Multigenerational living is once again common in America. After being a norm for many generations, then declining as American families scattered, multigenerational households have grown over the past several decades.
The past ten years have seen a remarkably large leap in multigenerational living, from 7 percent of Americans in 2011 to 26 percent of Americans in 2021. Most of us are likely either residing in a home with three or more generations, or we know someone who is.
As the desire for multigenerational homes increases, homebuyers are looking for ways to bring all their family together under one roof—floorplans that are designed to accommodate multiple generations while maintaining a sense of privacy and individual space. In a time when family has become even more important, homes with in-law suites are a welcome opportunity to provide for loved ones, build family connections, and manage budgets. In fact, according to findings published online last year in the journal SSM-Population Health, multigenerational homes could improve financial resources, buffer stress, reduce loneliness, enhance intellectual sharing, and generate structural social capital, thereby elevating the level of one’s health. And if you are wondering if that add-on bedroom will really someday help sell your home any faster, and if you’re questioning if there really is a house that you can buy with enough space to accommodate your parents, the answer is increasingly—yes—especially if it’s the right house. Some benefits of making a multigenerational home investment include:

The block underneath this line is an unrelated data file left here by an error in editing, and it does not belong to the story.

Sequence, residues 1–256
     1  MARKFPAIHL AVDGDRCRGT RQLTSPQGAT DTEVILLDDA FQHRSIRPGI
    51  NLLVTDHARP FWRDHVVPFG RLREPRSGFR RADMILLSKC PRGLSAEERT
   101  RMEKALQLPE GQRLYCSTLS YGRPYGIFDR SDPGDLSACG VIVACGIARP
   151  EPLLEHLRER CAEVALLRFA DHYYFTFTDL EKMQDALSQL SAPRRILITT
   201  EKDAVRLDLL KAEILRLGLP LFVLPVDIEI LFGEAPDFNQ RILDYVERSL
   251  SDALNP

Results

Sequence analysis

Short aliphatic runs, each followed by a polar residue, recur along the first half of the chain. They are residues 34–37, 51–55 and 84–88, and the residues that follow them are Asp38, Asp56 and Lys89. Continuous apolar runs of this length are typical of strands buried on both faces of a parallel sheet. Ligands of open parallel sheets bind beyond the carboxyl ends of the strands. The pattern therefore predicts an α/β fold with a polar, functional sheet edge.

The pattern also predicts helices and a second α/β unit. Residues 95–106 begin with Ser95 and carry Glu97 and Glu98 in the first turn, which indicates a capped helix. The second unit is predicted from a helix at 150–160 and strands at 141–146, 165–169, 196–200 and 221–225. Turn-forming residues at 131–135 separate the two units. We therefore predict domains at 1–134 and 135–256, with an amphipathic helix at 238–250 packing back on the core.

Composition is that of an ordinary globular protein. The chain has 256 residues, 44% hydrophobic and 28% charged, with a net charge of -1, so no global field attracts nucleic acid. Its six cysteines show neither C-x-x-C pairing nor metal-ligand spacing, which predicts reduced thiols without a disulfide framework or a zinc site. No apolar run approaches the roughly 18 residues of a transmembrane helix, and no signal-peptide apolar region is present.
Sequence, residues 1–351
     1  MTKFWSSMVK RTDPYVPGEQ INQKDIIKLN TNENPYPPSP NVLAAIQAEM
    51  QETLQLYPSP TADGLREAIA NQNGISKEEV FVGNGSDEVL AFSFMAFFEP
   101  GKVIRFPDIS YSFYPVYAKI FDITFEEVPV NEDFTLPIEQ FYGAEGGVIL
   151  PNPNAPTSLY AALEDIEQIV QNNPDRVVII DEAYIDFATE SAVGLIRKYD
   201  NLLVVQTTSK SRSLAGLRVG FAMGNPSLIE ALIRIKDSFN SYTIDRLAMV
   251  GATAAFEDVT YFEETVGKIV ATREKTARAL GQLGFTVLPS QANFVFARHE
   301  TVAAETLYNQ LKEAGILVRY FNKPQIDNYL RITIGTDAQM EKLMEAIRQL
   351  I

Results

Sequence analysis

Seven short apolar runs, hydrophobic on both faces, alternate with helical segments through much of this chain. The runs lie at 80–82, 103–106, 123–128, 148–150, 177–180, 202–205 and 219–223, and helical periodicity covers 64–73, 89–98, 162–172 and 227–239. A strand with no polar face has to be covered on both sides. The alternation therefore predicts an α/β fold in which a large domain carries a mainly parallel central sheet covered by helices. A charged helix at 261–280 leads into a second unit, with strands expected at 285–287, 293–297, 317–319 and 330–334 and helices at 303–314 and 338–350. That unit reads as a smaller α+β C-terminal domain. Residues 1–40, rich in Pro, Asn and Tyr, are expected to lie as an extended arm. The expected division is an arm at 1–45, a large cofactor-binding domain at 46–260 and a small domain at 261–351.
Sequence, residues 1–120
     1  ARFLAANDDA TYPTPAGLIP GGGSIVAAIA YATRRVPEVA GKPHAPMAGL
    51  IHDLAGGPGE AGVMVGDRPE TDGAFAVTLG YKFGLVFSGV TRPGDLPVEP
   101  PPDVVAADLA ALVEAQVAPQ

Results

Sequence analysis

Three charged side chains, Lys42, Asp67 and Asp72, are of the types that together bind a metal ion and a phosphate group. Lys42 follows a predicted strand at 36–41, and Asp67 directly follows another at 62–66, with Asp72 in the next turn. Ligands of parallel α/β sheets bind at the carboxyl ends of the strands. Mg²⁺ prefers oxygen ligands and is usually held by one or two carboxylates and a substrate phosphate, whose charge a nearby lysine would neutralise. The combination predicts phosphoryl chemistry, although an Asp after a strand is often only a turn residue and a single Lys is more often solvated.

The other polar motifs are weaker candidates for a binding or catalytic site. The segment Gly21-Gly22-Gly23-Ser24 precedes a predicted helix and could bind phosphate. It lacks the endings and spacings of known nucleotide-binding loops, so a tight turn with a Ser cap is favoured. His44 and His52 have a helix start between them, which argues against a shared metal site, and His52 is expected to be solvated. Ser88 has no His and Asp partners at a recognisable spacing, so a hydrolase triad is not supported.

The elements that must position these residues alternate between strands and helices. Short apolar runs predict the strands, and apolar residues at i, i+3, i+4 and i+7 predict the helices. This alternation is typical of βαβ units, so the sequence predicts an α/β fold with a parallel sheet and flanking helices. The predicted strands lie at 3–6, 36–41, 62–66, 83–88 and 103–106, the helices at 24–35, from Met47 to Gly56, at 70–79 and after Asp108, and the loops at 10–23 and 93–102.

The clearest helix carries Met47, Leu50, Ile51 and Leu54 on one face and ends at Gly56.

1. Connections: Multigenerational families living together under one roof have the luxury of seeing each other every day. These families develop a high level of attachment and closeness, pass on family traditions, and benefit from interactions with one another.
2. Financial: By bringing family members and resources together under one roof, families can collectively address their expenses and allocate finances accordingly.
3. Safety: With multiple generations under one roof, a home is rarely ever left unoccupied for long. Living with other family members also increases the chances that someone is present to assist elderly family members should they need care.
4. Value: Having an in-law suite will almost certainly boost the value of your home. Adding extra square footage to your primary house will result in a higher listing price when you decide to sell your home.
What Makes a Good In-Law Unit
One of the most important factors in making a multigenerational household work is privacy. All members need to have their own space and sense of freedom to still live the way they want while under one roof. Look for a home where the in-law unit is located on the first floor and includes a door into the central living area of the home along with a private entrance. This allows for space upstairs for family members, and the ability to close off the suite from the rest of the house. You’ll also want to ensure the design features the appropriate amenities. Most in-law suites typically include a bedroom, bathroom, small kitchenette, living space, laundry room, and a separate entrance from the primary home.